Davis and Raymond, 1965 ; Janbu, 1965 ; Barden and Berry, 1965). These factors are likely
to be of real importance only if the void ratio changes and strains are appreciable, yet these
studies have all been based essentially on the small strain theory.
In the derivation which follows, the limitation of small strains has been removed and the
changes in soil compressibility and permeability have been taken into account. The validity
of Darcy’s law has been assumed1 but it has been incorporated in the theory in a form which
relates the relative velocity of the soil skeleton and the pore fluid to the excess pore pressure
gradient. Although not essential to our arguments, non-homogeneity, time-effects intrinsic
to the soil skeleton and compressibility of the pore fluid and solids are allowed for in the theory,

* King’s College, London.

i It is believed that for most soils, any departure from Darcy’s law is likely to lead to errors which are
unimportant compared with those arising from a use of the law in a physically unacceptable form.

in order to ensure as much generality as is likely to be required in particular applications, but

a detailed consideration of the importance of these factors is deferred to later papers.
In the absence of these effects, and for those problems which treat a ‘thin’ clay layer in
which the stresses arising from the self-weight of the layer are negligible compared with those
applied, our analysis recovers an equation due to McNabb (1960) and Mikasa (1965). For this
special case our analyses are equivalent, but we have sought here to avoid the economy of
treatment which is a feature of their work and to develop the argument in extelzso so that its
physical significance may be more clearly revealed. This equation, which governs the void
ratio, is weakly non-linear and it may, if the coefficient of consolidation is constant, be linearized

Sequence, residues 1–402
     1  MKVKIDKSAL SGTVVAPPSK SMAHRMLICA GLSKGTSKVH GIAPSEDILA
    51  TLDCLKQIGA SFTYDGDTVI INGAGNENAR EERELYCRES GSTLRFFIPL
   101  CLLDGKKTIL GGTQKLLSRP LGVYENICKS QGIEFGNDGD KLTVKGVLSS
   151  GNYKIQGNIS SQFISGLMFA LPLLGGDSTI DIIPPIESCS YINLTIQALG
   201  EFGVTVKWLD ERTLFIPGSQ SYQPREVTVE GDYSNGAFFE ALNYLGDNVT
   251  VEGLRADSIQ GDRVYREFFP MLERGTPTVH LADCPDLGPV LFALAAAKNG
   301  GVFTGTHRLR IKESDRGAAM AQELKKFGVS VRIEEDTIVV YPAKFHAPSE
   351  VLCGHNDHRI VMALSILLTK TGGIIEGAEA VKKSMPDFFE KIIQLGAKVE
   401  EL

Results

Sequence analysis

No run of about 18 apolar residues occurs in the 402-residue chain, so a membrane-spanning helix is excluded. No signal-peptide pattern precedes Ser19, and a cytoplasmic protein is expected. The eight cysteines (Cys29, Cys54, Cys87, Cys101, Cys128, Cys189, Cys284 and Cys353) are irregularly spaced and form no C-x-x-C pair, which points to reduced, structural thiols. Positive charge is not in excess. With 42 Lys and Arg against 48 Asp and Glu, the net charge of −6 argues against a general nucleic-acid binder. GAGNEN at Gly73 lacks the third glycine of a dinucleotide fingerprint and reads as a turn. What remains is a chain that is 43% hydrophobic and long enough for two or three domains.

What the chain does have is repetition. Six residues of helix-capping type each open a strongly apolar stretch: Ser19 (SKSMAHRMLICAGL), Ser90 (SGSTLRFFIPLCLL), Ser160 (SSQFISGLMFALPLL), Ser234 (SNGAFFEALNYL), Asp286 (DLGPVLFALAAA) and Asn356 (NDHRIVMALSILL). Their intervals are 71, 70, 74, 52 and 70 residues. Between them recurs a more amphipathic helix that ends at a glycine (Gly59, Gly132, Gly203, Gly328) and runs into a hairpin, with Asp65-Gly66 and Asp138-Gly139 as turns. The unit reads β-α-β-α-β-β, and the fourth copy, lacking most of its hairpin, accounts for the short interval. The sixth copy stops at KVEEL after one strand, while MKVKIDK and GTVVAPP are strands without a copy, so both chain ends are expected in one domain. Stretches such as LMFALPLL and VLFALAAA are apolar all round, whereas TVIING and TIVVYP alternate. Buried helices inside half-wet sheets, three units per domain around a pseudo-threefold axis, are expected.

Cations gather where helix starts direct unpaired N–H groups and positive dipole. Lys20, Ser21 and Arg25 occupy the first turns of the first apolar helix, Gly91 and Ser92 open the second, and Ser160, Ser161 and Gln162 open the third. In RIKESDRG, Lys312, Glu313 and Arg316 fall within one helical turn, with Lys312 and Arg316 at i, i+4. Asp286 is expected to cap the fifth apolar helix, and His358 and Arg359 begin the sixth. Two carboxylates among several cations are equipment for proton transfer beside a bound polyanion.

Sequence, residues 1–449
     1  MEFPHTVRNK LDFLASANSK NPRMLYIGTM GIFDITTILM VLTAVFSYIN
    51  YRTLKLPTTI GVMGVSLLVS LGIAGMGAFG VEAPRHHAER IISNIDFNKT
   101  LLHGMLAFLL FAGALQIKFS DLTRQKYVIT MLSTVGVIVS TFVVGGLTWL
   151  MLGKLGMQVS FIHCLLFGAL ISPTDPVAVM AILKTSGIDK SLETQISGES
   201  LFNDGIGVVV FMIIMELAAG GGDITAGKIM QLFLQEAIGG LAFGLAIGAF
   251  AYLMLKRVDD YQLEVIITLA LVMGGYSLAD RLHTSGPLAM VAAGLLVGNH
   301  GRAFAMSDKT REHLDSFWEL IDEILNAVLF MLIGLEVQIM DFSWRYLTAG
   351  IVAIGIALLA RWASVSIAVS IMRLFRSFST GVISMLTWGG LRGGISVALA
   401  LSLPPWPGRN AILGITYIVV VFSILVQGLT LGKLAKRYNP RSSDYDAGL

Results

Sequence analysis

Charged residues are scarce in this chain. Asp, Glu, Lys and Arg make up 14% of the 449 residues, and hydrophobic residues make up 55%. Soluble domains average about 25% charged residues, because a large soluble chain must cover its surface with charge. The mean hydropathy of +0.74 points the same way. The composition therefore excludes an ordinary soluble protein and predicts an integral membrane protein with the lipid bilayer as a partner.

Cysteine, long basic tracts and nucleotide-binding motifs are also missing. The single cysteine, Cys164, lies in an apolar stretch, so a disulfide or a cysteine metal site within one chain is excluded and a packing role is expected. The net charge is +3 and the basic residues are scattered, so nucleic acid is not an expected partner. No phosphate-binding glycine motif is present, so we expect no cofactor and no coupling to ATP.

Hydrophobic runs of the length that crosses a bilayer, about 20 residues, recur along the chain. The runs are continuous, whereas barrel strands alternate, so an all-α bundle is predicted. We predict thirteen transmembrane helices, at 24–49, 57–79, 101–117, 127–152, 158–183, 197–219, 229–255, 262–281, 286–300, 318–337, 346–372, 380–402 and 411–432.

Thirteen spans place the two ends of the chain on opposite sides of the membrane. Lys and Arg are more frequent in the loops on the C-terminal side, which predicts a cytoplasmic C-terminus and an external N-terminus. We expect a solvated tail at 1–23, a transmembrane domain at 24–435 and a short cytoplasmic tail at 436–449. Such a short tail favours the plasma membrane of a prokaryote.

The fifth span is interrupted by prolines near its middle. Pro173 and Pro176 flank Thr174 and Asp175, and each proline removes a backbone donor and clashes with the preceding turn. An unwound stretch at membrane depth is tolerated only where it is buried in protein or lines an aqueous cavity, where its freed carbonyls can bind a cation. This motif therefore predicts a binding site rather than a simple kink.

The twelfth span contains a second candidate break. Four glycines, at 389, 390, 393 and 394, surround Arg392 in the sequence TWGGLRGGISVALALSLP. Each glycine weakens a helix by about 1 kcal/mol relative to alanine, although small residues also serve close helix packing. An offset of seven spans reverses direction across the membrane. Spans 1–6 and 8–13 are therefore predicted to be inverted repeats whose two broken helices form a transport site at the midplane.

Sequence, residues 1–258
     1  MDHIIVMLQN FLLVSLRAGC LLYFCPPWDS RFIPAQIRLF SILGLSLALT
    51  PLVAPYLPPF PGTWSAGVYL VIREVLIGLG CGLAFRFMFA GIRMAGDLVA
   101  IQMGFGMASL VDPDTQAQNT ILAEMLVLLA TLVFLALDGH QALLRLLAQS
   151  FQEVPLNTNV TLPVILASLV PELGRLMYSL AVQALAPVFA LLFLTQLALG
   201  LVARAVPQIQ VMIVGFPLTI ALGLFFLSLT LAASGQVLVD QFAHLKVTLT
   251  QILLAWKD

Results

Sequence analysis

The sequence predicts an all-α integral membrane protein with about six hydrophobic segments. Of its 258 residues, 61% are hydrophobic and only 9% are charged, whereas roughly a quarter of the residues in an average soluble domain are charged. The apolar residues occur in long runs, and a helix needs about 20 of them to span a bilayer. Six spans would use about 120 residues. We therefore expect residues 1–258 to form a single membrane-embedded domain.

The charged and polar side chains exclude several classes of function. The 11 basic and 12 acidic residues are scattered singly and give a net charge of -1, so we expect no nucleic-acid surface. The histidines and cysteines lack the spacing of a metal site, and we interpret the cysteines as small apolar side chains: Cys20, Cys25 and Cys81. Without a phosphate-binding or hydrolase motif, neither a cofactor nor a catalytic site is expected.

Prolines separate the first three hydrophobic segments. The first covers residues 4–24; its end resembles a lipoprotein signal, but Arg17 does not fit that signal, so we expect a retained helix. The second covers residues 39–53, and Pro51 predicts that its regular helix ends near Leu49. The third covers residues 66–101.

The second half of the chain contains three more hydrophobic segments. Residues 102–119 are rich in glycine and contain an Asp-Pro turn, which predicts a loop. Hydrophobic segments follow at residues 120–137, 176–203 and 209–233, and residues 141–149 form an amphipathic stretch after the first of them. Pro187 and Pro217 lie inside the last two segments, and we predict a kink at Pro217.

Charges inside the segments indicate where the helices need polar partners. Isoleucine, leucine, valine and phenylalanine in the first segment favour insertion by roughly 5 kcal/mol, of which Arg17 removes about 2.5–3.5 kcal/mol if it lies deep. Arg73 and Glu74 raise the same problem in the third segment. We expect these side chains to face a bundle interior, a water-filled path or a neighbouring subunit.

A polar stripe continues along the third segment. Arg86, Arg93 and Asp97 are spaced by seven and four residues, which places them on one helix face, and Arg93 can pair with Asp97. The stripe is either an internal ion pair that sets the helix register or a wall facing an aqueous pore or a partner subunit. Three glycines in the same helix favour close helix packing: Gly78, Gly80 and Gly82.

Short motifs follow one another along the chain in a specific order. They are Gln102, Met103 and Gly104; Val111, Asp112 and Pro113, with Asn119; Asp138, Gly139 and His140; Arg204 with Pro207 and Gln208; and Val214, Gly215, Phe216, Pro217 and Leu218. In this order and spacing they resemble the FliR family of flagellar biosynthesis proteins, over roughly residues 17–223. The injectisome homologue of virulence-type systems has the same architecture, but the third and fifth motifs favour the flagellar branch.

without any restriction on the form of the relation between effective pressure and void ratio.
This case is examined numerically in some detail in the present Paper.
For the application to ‘thick’ natural clay strata we have taken account of the self-weight
of the medium. This weight may itself be the sole agency causing consolidation in, for
example, a layer of clay increasing in thickness with time due to sedimentation. Again, we
leave the detailed consideration of these two topics to future papers.

In most derivations of Terzaghi’s equation of one-dimensional consolidation our attention
is directed towards an element, and the equations of pore fluid flow and of equilibrium, and
Darcy’s law are referred to this element. But invariably there seems to be some ambiguity
as to the nature of this element. Some authors refer to an element of space whose dimensions
do not change with time and through which soil particles and pore fluid flow. In other treat-
ments an element of the soil skeleton, the boundaries of which always encapsulate the same
soil particles, is apparently intended.2 Sometimes both viewpoints are adopted in the same
development and, indeed, it can be argued that if the strains are sufficiently small no distinc-
tion need be made. But clearly, when strains of unrestricted magnitude are contemplated a